Warner Bros Wins The Battle For Superman’s Legal Rights

Warner Bros. has won an important legal battle over the DC Comics character Superman, giving it absolute control over the creative direction of the character, and shutting out the heirs of one of the hero’s original creators.

An appeals panel unanimously ruled that Jerry Siegel’s heirs have to abide by a 2001 letter accepting Warner’s offer for their 50% share of the character Superman. The five-page letter was never formalized into an actual contract, but the court considers this moot: It is still binding, reports BBC.

Judge Stephen Reinhardt, of the 9th US Circuit of Appeals, wrote that both parties “had resolved the last outstanding point in the deal during a conversation on Oct 15, 2001,” adding that the letter in question “accurately reflected the material terms they had orally agreed to on that day.”

The ruling undermines a 2008 court decision which ordered Warner Bros. to share a sum earned since 1999 with Siegel’s heirs, and to give them key control of the Superman story.

“The court’s decision paves the way for the Siegel family to receive the compensation they negotiated for and which DC has been prepared to pay for over a decade,” said a statement from Warner Bros.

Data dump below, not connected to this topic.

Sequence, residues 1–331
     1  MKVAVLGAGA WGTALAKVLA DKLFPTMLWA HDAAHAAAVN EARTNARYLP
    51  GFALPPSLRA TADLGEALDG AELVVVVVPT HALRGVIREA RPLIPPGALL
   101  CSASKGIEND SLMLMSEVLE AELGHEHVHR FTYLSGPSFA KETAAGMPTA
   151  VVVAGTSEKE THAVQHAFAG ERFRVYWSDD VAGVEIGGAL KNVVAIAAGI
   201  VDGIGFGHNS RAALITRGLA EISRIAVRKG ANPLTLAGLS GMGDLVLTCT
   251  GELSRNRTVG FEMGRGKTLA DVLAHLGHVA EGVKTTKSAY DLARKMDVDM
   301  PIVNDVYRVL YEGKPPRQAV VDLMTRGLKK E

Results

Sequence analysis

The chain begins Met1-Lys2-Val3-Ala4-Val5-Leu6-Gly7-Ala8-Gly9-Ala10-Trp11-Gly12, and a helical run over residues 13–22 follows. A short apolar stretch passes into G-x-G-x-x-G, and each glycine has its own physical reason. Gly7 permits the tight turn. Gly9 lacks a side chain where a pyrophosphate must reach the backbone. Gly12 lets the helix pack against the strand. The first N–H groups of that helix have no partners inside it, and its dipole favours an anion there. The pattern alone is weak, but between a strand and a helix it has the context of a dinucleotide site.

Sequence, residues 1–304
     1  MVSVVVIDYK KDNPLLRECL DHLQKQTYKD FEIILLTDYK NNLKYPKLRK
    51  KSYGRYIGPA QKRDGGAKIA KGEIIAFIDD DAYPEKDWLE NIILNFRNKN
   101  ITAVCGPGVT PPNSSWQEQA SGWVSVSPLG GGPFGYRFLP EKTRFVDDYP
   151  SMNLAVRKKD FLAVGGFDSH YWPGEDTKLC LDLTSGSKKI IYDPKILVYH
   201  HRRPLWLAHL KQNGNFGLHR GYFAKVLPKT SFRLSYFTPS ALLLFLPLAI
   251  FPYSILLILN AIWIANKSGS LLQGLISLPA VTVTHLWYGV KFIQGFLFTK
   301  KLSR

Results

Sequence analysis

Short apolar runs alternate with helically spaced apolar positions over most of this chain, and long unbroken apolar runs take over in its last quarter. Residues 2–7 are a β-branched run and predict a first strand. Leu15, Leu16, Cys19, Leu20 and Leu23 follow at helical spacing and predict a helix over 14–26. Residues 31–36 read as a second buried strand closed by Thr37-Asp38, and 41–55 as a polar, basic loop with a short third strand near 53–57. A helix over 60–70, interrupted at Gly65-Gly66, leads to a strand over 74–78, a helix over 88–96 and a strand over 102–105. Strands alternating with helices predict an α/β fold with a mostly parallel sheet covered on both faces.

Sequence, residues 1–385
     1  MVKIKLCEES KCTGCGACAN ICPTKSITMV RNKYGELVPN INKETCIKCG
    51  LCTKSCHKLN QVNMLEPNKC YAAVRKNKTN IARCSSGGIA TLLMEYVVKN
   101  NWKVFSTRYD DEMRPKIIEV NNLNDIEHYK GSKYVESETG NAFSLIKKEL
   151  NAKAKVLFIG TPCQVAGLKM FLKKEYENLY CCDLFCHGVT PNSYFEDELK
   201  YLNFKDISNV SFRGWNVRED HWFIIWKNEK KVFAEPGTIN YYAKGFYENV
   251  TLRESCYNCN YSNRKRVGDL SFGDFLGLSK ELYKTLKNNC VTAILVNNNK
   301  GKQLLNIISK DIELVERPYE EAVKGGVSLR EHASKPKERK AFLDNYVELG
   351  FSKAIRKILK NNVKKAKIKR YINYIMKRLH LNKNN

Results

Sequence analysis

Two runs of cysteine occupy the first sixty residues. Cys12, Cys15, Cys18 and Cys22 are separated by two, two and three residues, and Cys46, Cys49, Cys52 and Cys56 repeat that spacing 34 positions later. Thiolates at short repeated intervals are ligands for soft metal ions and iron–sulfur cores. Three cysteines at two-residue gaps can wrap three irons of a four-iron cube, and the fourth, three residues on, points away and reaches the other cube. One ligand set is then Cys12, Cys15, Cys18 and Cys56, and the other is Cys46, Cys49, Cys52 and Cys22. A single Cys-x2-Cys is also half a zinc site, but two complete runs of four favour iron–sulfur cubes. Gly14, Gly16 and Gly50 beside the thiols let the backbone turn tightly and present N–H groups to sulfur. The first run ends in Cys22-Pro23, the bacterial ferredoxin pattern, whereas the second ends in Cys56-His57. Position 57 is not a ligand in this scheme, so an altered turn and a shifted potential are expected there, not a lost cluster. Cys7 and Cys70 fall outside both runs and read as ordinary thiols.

“We are extremely pleased that Superman’s adventures can continue to be enjoyed across all media platforms worldwide for generations to come.”

The Siegel family has not yet issued a statement, reports the LA Times.

Pros and cons: Pro, there won’t be any more creative disputes over the direction of one of the most iconic characters in comics and film. Con, the studio has unilateral control over Superman, and some may feel that creative control should be exercised by the creative rather than a board of bureaucratic producers. Then again, who’s to say that the Siegel family is indeed creative?

It is a touchy and sketchy case, and merely the latest entry in Superman’s decades-long legal troubles. Co-creators Joe Shuster and Jerry Siegel long struggled for greater compensation after a raw deal left them with little. For better or worse, the book seems to have been closed on a subject that has plagued the character throughout his 70+ year career.

What do you think? Should Superman’s rights be owned by Jerry Siegel’s family, or by the studio Warner Bros.?